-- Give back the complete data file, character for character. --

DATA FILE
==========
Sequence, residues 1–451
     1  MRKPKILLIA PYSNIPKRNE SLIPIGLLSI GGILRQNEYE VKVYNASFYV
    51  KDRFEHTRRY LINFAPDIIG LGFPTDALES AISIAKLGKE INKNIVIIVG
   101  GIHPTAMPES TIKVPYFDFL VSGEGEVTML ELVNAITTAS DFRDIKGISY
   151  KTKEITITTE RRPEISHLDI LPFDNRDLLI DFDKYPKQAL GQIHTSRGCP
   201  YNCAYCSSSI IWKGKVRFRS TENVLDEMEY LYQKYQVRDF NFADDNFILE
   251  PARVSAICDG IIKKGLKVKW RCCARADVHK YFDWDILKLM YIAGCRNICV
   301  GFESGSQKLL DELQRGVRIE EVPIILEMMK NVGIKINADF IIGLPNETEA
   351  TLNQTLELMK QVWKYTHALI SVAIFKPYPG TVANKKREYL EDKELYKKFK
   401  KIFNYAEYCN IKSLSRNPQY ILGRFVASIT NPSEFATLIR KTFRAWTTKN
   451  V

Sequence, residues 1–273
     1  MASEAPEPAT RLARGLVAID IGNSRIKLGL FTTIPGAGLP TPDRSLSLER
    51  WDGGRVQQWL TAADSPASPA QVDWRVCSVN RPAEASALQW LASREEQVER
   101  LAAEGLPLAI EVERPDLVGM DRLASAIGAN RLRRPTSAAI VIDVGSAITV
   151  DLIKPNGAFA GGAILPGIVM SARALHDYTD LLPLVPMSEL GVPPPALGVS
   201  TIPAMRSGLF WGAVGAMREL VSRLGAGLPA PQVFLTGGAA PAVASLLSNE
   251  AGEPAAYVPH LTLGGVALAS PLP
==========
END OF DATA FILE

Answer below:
Sequence, residues 1–451
     1  MRKPKILLIA PYSNIPKRNE SLIPIGLLSI GGILRQNEYE VKVYNASFYV
    51  KDRFEHTRRY LINFAPDIIG LGFPTDALES AISIAKLGKE INKNIVIIVG
   101  GIHPTAMPES TIKVPYFDFL VSGEGEVTML ELVNAITTAS DFRDIKGISY
   151  KTKEITITTE RRPEISHLDI LPFDNRDLLI DFDKYPKQAL GQIHTSRGCP
   201  YNCAYCSSSI IWKGKVRFRS TENVLDEMEY LYQKYQVRDF NFADDNFILE
   251  PARVSAICDG IIKKGLKVKW RCCARADVHK YFDWDILKLM YIAGCRNICV
   301  GFESGSQKLL DELQRGVRIE EVPIILEMMK NVGIKINADF IIGLPNETEA
   351  TLNQTLELMK QVWKYTHALI SVAIFKPYPG TVANKKREYL EDKELYKKFK
   401  KIFNYAEYCN IKSLSRNPQY ILGRFVASIT NPSEFATLIR KTFRAWTTKN
   451  V

Sequence, residues 1–273
     1  MASEAPEPAT RLARGLVAID IGNSRIKLGL FTTIPGAGLP TPDRSLSLER
    51  WDGGRVQQWL TAADSPASPA QVDWRVCSVN RPAEASALQW LASREEQVER
   101  LAAEGLPLAI EVERPDLVGM DRLASAIGAN RLRRPTSAAI VIDVGSAITV
   151  DLIKPNGAFA GGAILPGIVM SARALHDYTD LLPLVPMSEL GVPPPALGVS
   201  TIPAMRSGLF WGAVGAMREL VSRLGAGLPA PQVFLTGGAA PAVASLLSNE
   251  AGEPAAYVPH LTLGGVALAS PLP